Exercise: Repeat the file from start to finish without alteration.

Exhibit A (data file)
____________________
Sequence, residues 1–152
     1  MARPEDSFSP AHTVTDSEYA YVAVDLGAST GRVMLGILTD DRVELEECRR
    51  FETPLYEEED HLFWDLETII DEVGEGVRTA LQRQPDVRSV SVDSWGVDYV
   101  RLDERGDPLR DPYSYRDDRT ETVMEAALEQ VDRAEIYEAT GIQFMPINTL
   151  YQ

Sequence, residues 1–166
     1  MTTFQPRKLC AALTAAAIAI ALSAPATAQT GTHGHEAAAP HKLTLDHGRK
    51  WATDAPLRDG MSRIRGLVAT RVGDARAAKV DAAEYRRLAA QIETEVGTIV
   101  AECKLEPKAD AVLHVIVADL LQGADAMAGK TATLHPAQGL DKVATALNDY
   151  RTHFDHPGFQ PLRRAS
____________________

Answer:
Sequence, residues 1–152
     1  MARPEDSFSP AHTVTDSEYA YVAVDLGAST GRVMLGILTD DRVELEECRR
    51  FETPLYEEED HLFWDLETII DEVGEGVRTA LQRQPDVRSV SVDSWGVDYV
   101  RLDERGDPLR DPYSYRDDRT ETVMEAALEQ VDRAEIYEAT GIQFMPINTL
   151  YQ

Sequence, residues 1–166
     1  MTTFQPRKLC AALTAAAIAI ALSAPATAQT GTHGHEAAAP HKLTLDHGRK
    51  WATDAPLRDG MSRIRGLVAT RVGDARAAKV DAAEYRRLAA QIETEVGTIV
   101  AECKLEPKAD AVLHVIVADL LQGADAMAGK TATLHPAQGL DKVATALNDY
   151  RTHFDHPGFQ PLRRAS